Why is religion such a strong force in America?

Roger E. Olson: Religion is such a strong force in America because our very founding documents presuppose religion, or at least belief in God and the Judeo-Christian ethos permeates them. Also, the entrepreneurial spirit is alive and well in American religion, whereas religion has largely been regulated by governments in many other countries.

What is a favorite Bible passage of yours and why?

Roger E. Olson: Philippians 2:12-13 — “Work out your own salvation with fear and trembling for God is at work in you to will and to do of his good pleasure.” It contains the whole message of the Christian life in a nutshell and equally emphasizes God’s grace and our responsibility.

Is there anything else you’d like to say?

Roger E. Olson: Everyone ought to have at their disposal a book like Handbook of Denominations in the United States simply to understand the many churches down the street, around the corner, and across town. It’s an indispensable tool for understanding Christianity in America today.

Bio: Roger Olson is Foy Valentine Professor of Christian Theology and Ethics at Baylor University’s Truett Theological Seminary. He is a Baptist theologian, author of 20 books—including The Essentials of Christian Thought: Seeing Reality Through the Biblical Story—dealing with religion and theology, and former editor of Christian Scholar’s Review. He has served also as contributing editor for Christianity Today. He holds the PhD in Religious Studies from Rice University and has taught theology at Oral Roberts University, Bethel University, and Baylor University.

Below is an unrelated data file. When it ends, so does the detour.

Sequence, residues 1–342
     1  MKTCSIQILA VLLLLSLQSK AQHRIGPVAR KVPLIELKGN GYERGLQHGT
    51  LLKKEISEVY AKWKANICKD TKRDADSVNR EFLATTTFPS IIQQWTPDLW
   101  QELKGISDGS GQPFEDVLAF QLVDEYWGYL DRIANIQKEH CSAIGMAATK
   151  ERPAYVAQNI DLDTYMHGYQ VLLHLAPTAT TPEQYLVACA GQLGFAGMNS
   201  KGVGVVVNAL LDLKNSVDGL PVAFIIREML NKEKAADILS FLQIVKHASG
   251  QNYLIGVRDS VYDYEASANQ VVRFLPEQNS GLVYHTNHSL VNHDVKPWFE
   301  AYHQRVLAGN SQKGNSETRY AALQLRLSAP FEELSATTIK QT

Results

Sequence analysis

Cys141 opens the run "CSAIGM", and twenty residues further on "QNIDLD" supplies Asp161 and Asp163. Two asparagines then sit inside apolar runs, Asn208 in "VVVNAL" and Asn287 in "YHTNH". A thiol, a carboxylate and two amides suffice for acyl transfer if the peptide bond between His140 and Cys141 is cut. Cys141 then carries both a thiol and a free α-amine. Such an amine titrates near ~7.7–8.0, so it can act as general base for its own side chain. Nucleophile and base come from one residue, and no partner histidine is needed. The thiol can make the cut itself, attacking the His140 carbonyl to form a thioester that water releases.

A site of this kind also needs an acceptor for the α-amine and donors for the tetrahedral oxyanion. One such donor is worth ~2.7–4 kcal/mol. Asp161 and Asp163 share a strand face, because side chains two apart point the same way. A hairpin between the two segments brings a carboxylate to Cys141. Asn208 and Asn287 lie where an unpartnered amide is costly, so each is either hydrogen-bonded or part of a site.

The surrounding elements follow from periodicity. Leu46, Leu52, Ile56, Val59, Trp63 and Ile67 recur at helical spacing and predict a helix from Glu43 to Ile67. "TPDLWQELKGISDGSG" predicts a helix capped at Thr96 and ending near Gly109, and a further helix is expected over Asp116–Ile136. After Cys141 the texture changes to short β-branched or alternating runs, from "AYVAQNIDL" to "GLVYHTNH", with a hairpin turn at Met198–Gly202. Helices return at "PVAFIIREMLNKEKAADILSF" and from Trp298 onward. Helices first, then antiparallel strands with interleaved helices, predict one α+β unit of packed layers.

Frank S. Mead was a renowned authority on American denominations. He served as editor of the Christian Herald and wrote for numerous national publications.

Samuel S. Hill, PhD, is professor emeritus of religion at the University of Florida and is a leading authority on religion in the United States.

Craig D. Atwood, PhD, is the Charles D. Couch Chair of Moravian Theology and the director of the Center for Moravian Studies at Moravian Theological Seminary in Bethlehem, Pennsylvania. Professor Atwood edited and revised the 11th through 13th editions of the Handbook.

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Filed under Books, Church, History, Interviews